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AB0410 Effect of Anti-Tumor Necrosis Factor Alpha Treatment of Rheumatoid Arthritis and Chronic Kidney Disease
  1. S. Moon1,
  2. E.-J. Park2,
  3. H.W. Kim3,
  4. K.-S. Shin4,
  5. C.-K. Lee5,
  6. J.-Y. Choe6,
  7. H.-S. Cha7,
  8. J. Kim2
  1. 1Department of Medicine
  2. 2Dvision of Rheumatology, Department of Medicine
  3. 3Dvision of Nephrology, Department of Medicine
  4. 4Department of Pediatrics, Jeju National University Hospital, Jeju
  5. 5Dvision of Rheumatology, Department of Medicine, Asan Medical Center, University of Ulsan College of Medicine, Seoul
  6. 6Dvision of Rheumatology, Department of Medicine, Catholic University of Daegu, School of Medicine, Daegu
  7. 7Dvision of Rheumatology, Department of Medicine, Samsung Medical Center, Seoul, Korea, Republic Of


Background Rheumatoid arthritis (RA) and chronic kidney disease (CKD) are very prevalent and so often coincide. Among various anti-inflammatory agents, TNF-α blocking drugs reportedly stabilize renal function in RA patients with CKD and/or secondary renal amyloidosis by suppressing inflammation. However, there are no available data supporting the efficacy of anti-TNF-α agents in a larger population of RA patients with renal insufficiency.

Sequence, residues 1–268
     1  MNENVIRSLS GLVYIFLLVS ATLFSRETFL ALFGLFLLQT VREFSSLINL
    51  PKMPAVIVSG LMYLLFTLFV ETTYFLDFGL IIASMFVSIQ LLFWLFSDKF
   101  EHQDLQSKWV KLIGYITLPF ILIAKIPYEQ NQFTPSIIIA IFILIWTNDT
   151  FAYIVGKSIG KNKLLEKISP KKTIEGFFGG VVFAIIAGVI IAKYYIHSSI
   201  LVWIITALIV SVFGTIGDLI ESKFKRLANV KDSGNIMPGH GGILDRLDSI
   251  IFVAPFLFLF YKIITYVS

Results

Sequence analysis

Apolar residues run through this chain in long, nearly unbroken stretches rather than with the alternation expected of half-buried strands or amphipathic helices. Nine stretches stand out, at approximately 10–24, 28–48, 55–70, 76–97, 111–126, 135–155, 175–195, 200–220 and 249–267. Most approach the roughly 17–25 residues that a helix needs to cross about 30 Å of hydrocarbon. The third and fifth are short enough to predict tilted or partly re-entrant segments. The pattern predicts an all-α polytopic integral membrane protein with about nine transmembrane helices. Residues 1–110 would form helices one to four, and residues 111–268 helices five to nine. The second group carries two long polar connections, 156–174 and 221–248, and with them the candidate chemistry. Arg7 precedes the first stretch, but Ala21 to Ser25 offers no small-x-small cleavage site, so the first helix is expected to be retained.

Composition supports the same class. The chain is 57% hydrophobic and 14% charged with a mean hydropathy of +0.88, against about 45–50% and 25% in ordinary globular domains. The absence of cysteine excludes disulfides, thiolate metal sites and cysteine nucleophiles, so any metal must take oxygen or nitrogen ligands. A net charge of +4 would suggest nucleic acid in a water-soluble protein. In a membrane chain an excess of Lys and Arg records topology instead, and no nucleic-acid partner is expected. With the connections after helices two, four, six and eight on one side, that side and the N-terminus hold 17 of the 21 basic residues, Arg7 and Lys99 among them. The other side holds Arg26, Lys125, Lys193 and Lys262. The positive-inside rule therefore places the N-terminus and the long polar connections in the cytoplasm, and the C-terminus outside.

Objectives To investigate the impact of anti-tumor necrosis factor alpha (TNF-α) therapy on progression of CKD in patients with RA.

Methods Seventy patients with RA and CKD were retrospectively analyzed. Outcomes were evaluated using the difference in the annual change of estimated glomerular filtration rate (eGFR) between patients with treated with anti-TNF-α or without.

Results There was a tendency toward stabilization of eGFR after a median of 2.6 years (interquartile range, 1.2–4.2 years) from 50.3±8.4 ml/min/1.73 m2 to 54.5±16.0 ml/min/1.73 m2 in patients received anti-TNF-α therapy (p=0.084). Conversely, eGFR decreased significantly in patients not receiving anti-TNF-α therapy after a median of 3.0 years (interquartile range, 1.8–4.6 years) from 50.9±7.7 ml/min/1.73 m2 to 43.7±10.9 ml/min/1.73 m2 (p<0.001). The annual change of eGFR was significantly different between patients treated with anti-TNF-α drugs and without (2.0±7.0 ml/min/1.73 m2/y versus -2.9±5.8 ml/min/1.73 m2/y; difference in mean values, -4.9 ml/min/1.73 m2/y; 95% confidence interval, -7.5 to -2.2; p=0.002). Use of anti-TNF-α drugs was also significantly associated with positive annual change of eGFR in logistic regression analysis (p=0.009).

Conclusions Among patients with RA and CKD, treatment with anti-TNF-α drugs was associated with less renal function decline. Anti-TNF-α drugs may be beneficial for managing RA combined with CKD.

Disclosure of Interest None declared

DOI 10.1136/annrheumdis-2014-eular.4801

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